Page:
young squad of private sector-minded
acolytes around him.
With everything going for him, Bush
lost to Gov. Lawton Chiles, who'd
started his political career in the
1950s. Days before the election, Chiles
predicted in a televised debate, "The he
coon walks just before the light of day."
That saying has puzzled political
observers for 18 years. I think Chiles
was saying, "This is Florida."
Bill Cotterell is a retired reporter who
covered the government and politics 44
years for United Press International and
the Tallahassee Democrat. He can be
contacted arlothtt-r ll,'gmuiil cim


FRISBIE


FROM PAGE 4

who can match my popularity with
mosquitoes.
The three most effective ways of
avoiding mosquito bites are to drain
stagnant water, wear a mosquito repel-
lant containing Deet, or stand next
to me. I have accumulated multiple
mosquito bites while walking the 25
feet from my car to my front door.
My brother-in-law can stand next to


me in a swamp bog and every single
mosquito will bypass him to bite me.

As a general rule, mosquito bites are
nothing more than a nuisance, but
this year, the West Nile virus, which is
spread by mosquitoes, has been found
in 48 states, of which Florida is one. (I
am guessing that Alaska and Hawaii are
the exceptions; Alaska because it is so
cold and Hawaii because it is too far to
fly, especially if you are a bug.)
In addition to the approved Nways
of avoiding mosquito bites, health
authorities advise remaining inside


during the hours of dawn and dusk.
Dawn is not a problem, since I am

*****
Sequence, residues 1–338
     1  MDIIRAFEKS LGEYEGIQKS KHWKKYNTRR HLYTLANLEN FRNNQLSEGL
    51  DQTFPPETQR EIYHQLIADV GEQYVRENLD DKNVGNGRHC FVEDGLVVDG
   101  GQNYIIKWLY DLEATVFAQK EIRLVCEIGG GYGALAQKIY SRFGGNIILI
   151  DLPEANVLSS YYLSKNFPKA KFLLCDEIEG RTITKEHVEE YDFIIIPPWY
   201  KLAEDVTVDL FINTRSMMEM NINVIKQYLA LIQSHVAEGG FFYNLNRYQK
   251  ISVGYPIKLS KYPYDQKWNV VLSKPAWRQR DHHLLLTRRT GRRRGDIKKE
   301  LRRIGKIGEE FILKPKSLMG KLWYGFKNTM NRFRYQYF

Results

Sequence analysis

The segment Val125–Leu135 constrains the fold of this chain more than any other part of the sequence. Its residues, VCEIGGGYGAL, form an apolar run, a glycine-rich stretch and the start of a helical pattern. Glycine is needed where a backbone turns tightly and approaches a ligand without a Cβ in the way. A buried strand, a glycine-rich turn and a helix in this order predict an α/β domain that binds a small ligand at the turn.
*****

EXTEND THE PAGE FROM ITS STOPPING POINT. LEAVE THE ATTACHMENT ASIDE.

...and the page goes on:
sound asleep, but by dusk, I am just
getting my second wind.
And then there's the sun.
At my age, we are advised to stay
inside when the weather is hot and
muggy in the morning so we don't get
the vapors or something, and to avoid
the afternoon sun as a precaution
a~uinr- skin cancer.
Between mosquitoes and the sun,
this pretty-well covers the hours from
maybe 6 in the morning to 9 o'clock at
night.


We 70-somethings don't undertake
anything more ambitious than brush--
ing our teeth after 9 p.m., so if we are to
take all the recommended precautions
that involve staying inside, we may
never see the light of day again.
Such isolation carries the seeds of
hermitry or reclusivity.

(S. L. Frisbie is retired. He likes people
uay too much to live in seclusion. And
no matter how hard he tries to hide
from them, the mosquitoes always man-
age to find him, morning, noon or night,
inside or out.)


September 8, 2012


The Polk County Demo 5





Page 6 The Polk County Democrat


COMMUNITY



Chimpanzee movie to be shown at library


Our library played host to two tech
interns from the IB program at Bartow
this week.
They were here to assist patrons with
any number of questions they may have
regarding their laptops, cellphones,
tablets or any other electronic device. If
you are needing help anything in that
category, call the library to sign up for
our next day which is from 3-5 p.m.
Sept. 19.
Travel with us to the Ivory Coast today
to watch Chimpanzee, a movie about a
3-year-old chimpanzee who is adopted
by a fully-grown male. The movie begins
at 2:30 p.m. and is 78 minutes.


Ashley Elliott

Qg mna7


Monday will begin our Adult
Computer Classes. The classes are al-
ready full, but if you did sign up, please
make sure you attend at your allotted
time of 1 p.m. or 5 p.m. Even though
the classes are full, Andrew does still


offer one-on-one computer help with
patrons throughout the week.
Everybody loves a birthday and this
Tuesday help us celebrate the birthday of
the creator of Curious George, HA. Rey. It
begins at 4 p.m. and refreshments will be
served. The program is for ages 6-8.
Story times are back for another eight
weeks of fun. Wednesday at 10 a.m. is
the 3-5 year old story time, featuring
stories, finger plays, music and films.
Thursday at 10 is 18 months to 2 years,
featuring nursery rhymes, finger plays,
music and bubbles.
Creative teens listen up. We are having
Open Mic Night at the library on Thursday


at 3 p.m. Bring a poem or joke to share.
The Central Florida Hearing Center
will be here Friday from 9 a.m. to 3 p.m.
to pass out free amplified phones.
Read to Smiles Unleashed therapy
dogs and receive a free sticker and a